I assume I am not alone when I say that the invasion of Ukraine by Russia, brought to us in real time, has horrified me in ways I should have expected. But the fact of the matter is, I did not really expect it would happen.
I also assume I am not alone when I say that I have been mesmerized by the news coverage, the actual coverage by mainstream media from both the U.S. and Europe. But I am also embarrassed by that, for what I see and hear is a far cry from being in the midst of what is going there, where it is a multisensory, full-body, all-emotions-in-play experience. We are not feeling the blasts, having shells hit near us, running to escape, or running toward the action, losing sleep, nor seeing bodies and casualties. On television and in the press, it all seems a bit surreal.
I know I am not alone when I say that I have been utterly inspired by the response of Ukrainians. They have come together — responded to the calls to take up arms, make Molotov cocktails, help those fighting, walk in front of tanks, berate Russian soldiers for being there and Lord knows what else. Their courage and willingness to sacrifice for the whole makes the calls here in the United States to take up arms against our government look so petty and selfish in contrast.
No doubt I join millions of people in thinking the Europeans and the United States should have reacted more strongly to Putin in the past, but I have also been inspired by the leadership shown by the U.S. in making totally public the build-up to the invasion and our months of work reinvigorating the NATO alliance. We are deeply connected to the rest of the world whether we want to be or not. It would have been immoral for us to be “America first” bystanders to this atrocity. To assert that Trump would have been stronger in response would be to refuse to see and hear everything he has said and done for the past five years.
So, I can be and am proud of President Joe Biden. But I am also embarrassed. Embarrassed in that in his speech to the nation he had to take time and focus to explain that the government will be trying everything it can do to keep the price of gasoline from going up. Sanctions may in fact hurt us as well, but are we the kind of people who cannot do what we can, with just a little sacrifice, for the sake of the people of Ukraine?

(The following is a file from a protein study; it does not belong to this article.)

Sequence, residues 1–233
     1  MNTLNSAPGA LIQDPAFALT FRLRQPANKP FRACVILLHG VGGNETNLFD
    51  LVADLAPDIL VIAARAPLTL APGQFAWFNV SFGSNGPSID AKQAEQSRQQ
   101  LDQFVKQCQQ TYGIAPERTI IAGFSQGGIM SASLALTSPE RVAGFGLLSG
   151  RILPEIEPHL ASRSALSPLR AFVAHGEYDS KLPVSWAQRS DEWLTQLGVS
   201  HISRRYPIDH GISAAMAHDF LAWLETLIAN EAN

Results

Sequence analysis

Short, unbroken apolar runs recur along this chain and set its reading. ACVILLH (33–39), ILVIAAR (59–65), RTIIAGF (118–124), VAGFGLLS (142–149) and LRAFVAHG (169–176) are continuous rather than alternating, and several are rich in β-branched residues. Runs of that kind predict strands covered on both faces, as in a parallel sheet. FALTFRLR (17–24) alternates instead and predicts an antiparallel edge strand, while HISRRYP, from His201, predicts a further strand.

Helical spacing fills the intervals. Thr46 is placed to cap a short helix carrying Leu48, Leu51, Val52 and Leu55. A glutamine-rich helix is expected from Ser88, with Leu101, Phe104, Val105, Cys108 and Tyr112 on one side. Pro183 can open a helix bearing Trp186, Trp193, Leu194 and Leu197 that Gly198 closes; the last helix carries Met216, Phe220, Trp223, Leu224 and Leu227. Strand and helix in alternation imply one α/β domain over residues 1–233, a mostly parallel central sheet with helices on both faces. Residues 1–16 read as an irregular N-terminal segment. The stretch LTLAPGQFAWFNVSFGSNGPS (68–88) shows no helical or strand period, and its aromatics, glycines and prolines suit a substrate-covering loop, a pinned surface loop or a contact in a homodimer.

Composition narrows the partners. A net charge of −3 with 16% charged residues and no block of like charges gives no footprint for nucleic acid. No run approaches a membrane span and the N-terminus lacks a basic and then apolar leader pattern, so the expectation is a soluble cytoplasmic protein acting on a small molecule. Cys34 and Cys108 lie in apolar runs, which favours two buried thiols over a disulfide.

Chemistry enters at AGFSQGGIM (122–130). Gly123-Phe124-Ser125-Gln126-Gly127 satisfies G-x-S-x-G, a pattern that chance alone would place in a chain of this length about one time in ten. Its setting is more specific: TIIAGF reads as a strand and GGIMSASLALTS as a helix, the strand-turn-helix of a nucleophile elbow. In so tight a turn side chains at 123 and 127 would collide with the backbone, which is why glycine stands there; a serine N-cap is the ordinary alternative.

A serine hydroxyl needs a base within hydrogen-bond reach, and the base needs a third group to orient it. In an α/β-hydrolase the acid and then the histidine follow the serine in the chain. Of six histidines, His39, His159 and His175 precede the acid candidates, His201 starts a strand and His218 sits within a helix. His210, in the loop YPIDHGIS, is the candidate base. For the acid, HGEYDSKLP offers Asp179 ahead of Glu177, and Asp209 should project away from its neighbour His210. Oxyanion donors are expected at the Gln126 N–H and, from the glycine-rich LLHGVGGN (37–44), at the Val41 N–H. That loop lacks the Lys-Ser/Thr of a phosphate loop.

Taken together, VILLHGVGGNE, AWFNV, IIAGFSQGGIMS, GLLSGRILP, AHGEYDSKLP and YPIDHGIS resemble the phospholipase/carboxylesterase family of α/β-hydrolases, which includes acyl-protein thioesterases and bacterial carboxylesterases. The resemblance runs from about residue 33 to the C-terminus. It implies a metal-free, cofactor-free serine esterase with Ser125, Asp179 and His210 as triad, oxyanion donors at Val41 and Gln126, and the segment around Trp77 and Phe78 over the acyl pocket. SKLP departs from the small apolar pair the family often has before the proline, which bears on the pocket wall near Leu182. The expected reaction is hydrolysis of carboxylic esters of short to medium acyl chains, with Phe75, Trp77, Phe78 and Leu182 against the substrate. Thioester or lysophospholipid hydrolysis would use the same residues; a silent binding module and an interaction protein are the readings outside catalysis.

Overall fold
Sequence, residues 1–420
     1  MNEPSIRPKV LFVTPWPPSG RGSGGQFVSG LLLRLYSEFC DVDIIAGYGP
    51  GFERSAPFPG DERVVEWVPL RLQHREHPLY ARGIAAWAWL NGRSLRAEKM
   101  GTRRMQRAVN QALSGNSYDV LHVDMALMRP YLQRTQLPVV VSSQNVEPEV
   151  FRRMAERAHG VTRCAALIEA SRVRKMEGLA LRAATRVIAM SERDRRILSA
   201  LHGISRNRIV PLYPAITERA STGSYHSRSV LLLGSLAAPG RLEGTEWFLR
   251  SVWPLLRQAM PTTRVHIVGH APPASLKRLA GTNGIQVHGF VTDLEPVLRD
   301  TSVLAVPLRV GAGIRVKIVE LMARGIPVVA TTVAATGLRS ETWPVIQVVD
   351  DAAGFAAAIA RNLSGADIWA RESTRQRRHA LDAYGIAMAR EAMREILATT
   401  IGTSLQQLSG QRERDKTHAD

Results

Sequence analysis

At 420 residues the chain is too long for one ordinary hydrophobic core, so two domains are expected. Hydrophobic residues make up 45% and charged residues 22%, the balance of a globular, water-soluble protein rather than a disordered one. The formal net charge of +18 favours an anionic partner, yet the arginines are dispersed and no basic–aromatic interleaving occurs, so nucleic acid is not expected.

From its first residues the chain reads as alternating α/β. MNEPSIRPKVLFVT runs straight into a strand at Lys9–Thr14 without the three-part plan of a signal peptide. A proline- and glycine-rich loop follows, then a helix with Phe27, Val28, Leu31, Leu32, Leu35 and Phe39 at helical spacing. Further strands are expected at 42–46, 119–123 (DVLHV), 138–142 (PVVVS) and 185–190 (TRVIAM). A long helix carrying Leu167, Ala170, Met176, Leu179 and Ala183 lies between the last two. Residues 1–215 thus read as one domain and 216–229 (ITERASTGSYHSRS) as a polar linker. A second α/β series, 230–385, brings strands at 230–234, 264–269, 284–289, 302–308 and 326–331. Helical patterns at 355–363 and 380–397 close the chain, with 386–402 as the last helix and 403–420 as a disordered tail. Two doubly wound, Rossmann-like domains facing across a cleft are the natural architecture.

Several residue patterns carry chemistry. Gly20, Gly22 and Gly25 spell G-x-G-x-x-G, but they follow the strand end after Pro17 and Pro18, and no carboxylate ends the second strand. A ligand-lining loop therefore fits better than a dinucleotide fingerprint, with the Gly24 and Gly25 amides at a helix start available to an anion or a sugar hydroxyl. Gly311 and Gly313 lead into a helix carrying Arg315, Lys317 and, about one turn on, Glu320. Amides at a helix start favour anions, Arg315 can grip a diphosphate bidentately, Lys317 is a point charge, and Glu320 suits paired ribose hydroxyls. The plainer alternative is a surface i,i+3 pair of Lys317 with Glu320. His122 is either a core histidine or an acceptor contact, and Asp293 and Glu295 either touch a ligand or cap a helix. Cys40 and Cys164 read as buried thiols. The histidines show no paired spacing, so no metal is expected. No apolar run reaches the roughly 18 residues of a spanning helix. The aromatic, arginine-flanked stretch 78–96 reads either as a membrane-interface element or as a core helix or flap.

Sen. Ted Cruz has been railing against the new pipeline to Germany for a long time, but he has not had to face the financial costs of much higher heating bills in Europe. Now that it is on hold, he still demurs when it comes to criticizing Russia or its ally Donald Trump. Our motto seems to be, “Others should sacrifice for what we want.” Even worse, so we make more money as Texas sells more natural gas to Europe.
American men and women have been courageous after being sent into conflicts, but we as a people have not been asked to sacrifice or pay for anything. After 9/11, George Bush could have justly said, “Let’s rescind the tax cuts we just passed, so we can pay for the just response to Osama bin Laden.” But he did not.
Nor were we asked to buckle up and empty parts of our pockets for the disastrous war in Iraq. While defense budgets went up, we paid by going into greater debt as a country with, it seemed, the biggest priority being more tax cuts.
We can pretend the wars have not cost us anything — except the toll in American lives, both those killed and those wounded physically or psychologically — just like we pretend we can deal with COVID-19 amid a wide reluctance to mask up and vaccinate for the sake of our American brothers, sisters and children, if not for our own selves. We have refused to do as much as other countries to be free from the virus by refusing to use our freedom to make the choices and sacrifices that would save lives. That casualty count includes people we know directly. That’s embarrassing.
If fighting for freedom has come to mean “Don’t ask me to give up anything I want to do or have for the sake of others and our life together,” then we are in real trouble. These days, fighting for freedom also seems to mean, “Don’t ask me to give up my right to denigrate or hate the other side.” In an insidious and evil way, strength has come to mean, “Don’t compromise for the greater whole.”
So many Americans have the wonderful quality of responding to natural disasters and neighbors in need because of some calamity. So many of us will jump in to help in all kinds of ways. That’s inspiring.
But when we refuse to sacrifice for the sake of our country as a whole, or for the sake of others fighting for the right to pursue life, liberty and equality for all, that’s embarrassing. If countries in Europe can sacrifice in multiple ways to help the Ukrainians stand up to the bully, then we can, too. Paying a little more at the pump is the least we can do.
We can do better.
Former Wacoan Bill Gaventa is a clergyman and educator living in Austin.
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